Many diseases, mostly the infectious diseases, have played significant roles in changing the course of human history. The transmission of infectious diseases, both past and present, has been dependent upon our interrelationships with the natural environment, the animals we live amongst, and especially each other. In ancient times, before we recognized the importance of sanitation and before the advent of antibiotics, diseases such as the plague and malaria spread throughout countries and across continents unchecked. In recent times, polio and HIV AIDS have impacted the state of public health, and have changed the direction and conventions of medical research.    Millions of people have suffered and died due to the lack of knowledge about what caused these diseases, the inability to diagnose them effectively, and ultimately the ability to treat them appropriately. In the examples provided, each of these new diseases has required a paradigm shift in both the understanding of medicine and treatment strategies and modalities. 
There is also a deep-rooted “social construction” in the understanding of diseases and what they represent to society.    Some diseases are charged with cultural interpretation (fear, suspicion, revulsion, ignorance)—which is why an infection such as Ebola is regarded with a different attitude collectively than say, Alzheimer’s, even though Alzheimer’s is more prevalent, increasing at a faster rate, and far more costly to society than Ebola.  Attitudes about diseases therefore, are not necessarily acquired from the nature of the disease and perceptions play a part in how society responds to each.
The recent 2013-14 Ebola epidemic in Africa created a collective social reaction, probably not in line with its actual risk. In responding to the perceived threat, many departures from strict ethical conventions in medical practice were seen. As outbreaks of Ebola emerged within small regions in Africa in late 2013 and the number of cases quickly grew, it was reported that healthcare workers could do little more in the treatment of patients than provide a palliative approach, while they tried to stay out of the way of the disease’s deadly virulence. In the news media we heard of entire West African village populations that were wiped out. There were no medications already on the shelf that could possibly have stopped the disease in humans, and seemingly, its spread to other countries. The outlook in early 2014 was dismal because it normally takes years to develop and bring a drug or vaccine through all phases of clinical research leading to successful treatments.  Some degree of panic set in as travellers from Africa, after potentially exposing hundreds of people to the infection, fell ill and died on European and US soil. The frenzied media response, often the lead item on newscasts throughout 2014, created over-reactions that were probably out-of-proportion to the threat.
The emphasis on the meaning of the pandemic phenomenon across continents prevailed. Subsequent actions by the medical community did not necessarily correspond to the reality, but were derived through interaction and interpretation in a social context, exacerbated by media reports. Everyone felt that they had to do something. The perception of an international health crisis sparked an unexpected and reactive response from the US FDA, the oversight body for all medical research in the US. Safety concerns aside, untested and unproven drug therapies were purposely given to African, American, and European patients who were on the verge of death. The FDA, the medical profession, clinical researchers, and the drug companies, in harmony, were willing to do whatever it took to save lives and to stop the spread of the disease in spite of strict protocols and regulations for drug development and trials. Although there are no approved treatments yet, this team effort has produced several new hopeful and effective medications for this deadly infectious disease within a matter of months, not the years it normally takes.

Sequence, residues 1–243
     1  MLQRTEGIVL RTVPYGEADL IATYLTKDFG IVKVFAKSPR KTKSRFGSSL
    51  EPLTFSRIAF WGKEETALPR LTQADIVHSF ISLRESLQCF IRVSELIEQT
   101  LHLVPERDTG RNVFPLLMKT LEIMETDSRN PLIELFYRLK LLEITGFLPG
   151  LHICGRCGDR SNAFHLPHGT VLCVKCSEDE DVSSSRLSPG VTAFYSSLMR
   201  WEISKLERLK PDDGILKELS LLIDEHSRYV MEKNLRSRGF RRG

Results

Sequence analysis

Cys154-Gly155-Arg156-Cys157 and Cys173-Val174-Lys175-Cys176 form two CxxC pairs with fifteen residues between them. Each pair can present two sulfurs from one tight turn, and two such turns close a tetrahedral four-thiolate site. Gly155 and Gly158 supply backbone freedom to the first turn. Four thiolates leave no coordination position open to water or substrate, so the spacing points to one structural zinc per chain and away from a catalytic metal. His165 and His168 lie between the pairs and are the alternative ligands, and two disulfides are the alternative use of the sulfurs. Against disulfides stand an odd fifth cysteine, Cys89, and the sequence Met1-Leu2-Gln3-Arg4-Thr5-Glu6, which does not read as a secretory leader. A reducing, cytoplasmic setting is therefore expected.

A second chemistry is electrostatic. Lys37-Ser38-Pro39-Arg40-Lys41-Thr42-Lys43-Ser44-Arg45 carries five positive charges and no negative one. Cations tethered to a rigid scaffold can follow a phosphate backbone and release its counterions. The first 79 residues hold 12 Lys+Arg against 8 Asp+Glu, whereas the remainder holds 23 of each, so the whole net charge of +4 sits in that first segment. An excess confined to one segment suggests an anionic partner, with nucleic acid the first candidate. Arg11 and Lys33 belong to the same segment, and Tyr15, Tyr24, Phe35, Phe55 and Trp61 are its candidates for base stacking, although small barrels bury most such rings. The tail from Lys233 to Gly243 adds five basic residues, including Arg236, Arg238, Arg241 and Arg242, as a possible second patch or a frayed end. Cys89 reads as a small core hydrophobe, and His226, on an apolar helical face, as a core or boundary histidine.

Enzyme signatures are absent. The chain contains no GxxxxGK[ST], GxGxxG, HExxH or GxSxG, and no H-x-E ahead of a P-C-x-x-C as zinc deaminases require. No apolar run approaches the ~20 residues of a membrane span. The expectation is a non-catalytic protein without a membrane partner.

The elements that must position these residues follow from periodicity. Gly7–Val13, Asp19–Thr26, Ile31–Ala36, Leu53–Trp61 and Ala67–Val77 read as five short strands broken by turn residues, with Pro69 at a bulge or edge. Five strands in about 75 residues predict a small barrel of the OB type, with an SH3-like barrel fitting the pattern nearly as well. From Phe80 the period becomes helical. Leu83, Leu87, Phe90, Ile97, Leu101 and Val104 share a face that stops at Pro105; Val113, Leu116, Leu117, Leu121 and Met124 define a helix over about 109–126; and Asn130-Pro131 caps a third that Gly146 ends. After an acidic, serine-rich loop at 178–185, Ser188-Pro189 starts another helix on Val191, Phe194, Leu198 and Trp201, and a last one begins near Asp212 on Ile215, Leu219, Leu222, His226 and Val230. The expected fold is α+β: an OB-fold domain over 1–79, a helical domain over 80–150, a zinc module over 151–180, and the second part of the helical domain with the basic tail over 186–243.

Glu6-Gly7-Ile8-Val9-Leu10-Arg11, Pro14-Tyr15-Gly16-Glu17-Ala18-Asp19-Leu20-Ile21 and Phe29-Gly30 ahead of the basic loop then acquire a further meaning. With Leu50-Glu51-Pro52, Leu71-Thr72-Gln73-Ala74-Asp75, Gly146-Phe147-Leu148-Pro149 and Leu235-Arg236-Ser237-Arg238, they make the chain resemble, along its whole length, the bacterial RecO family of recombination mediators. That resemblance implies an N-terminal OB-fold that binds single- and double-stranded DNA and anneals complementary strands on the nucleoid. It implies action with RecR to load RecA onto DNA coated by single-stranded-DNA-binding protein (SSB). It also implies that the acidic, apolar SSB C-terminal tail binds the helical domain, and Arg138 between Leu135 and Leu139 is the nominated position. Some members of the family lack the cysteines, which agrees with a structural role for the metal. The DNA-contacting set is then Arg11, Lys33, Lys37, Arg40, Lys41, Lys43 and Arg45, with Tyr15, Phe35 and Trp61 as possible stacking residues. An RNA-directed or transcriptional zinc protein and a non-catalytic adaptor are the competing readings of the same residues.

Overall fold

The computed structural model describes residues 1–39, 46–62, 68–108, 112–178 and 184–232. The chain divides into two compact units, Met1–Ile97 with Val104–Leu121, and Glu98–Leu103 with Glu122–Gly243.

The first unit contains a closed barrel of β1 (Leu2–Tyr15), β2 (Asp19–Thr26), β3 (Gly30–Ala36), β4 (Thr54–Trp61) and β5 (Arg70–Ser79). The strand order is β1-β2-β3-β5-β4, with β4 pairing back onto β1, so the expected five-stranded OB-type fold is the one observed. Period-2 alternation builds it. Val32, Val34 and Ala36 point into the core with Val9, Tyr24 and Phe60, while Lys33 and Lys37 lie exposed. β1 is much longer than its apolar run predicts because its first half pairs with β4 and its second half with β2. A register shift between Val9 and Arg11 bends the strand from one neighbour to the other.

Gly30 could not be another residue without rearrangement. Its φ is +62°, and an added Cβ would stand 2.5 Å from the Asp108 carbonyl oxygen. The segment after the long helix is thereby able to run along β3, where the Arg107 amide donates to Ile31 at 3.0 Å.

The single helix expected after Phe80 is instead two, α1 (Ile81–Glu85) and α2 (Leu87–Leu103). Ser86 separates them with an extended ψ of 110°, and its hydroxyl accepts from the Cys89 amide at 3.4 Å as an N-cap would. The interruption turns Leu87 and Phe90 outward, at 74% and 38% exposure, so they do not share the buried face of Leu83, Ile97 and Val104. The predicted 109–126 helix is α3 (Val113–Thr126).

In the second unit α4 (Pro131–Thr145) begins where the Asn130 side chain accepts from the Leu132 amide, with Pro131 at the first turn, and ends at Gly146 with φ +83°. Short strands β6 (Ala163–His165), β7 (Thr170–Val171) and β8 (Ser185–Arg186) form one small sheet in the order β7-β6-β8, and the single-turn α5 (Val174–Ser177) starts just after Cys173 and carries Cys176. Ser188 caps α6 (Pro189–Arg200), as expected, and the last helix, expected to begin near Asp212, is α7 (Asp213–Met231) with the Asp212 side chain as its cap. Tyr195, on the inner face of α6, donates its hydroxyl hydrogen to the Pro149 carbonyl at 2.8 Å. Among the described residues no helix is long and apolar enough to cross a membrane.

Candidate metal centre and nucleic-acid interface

Additional innovations that were adopted during the crisis were the willingness to use social media, which spread the word as to where pockets of disease were breaking out. Other researchers who were attempting to put the pieces of a larger puzzle together, extracted keywords from Internet searches in order to make sense of the data and develop strategies. An overall increase in the pace of communication and the efficient use of web connectivity resulted in a synchronicity among research groups around the world until success was achieved. It’s unclear what effect this willingness by thousands of researchers to breach the established precedents of research convention will have on the future of medicine, but many felt truly inspired by the response of the global community, with the ultimate and noble goal of saving lives. 
Mitigating factors are that the Ebola-affected countries in West Africa have some of the worst water, sanitation and hygiene standards in the world. This had fatal results and these social conditions limited the prevention and control of infection resulting in greater impact and reach of the Ebola crisis. NGO projects aimed at raising awareness of hygiene practices, changing behaviors, and reaching millions with clean water will ultimately defeat Ebola. 
Despite the continual drug company hype of new drug treatments, there are a group of diseases that have proven to be very difficult to treat effectively. These are the diseases of the brain, more often called neurodegenerative diseases. These include MS, Parkinson’s, ALS, Huntington’s and Alzheimer’s among others. These diseases are acquired by more people on a daily basis world-wide than ever fell ill with Ebola in total.     Additionally, progress on new treatments for these neurodegenerative diseases has generally not been as successful as the new treatments for many types of cancers, which were just as confounding to science just a few decades ago. In fact, with the marginal drugs that have been licensed for MS in the past 3 years, we seem to have reached the full potential for medications alone to treat chronic neurodegenerative diseases.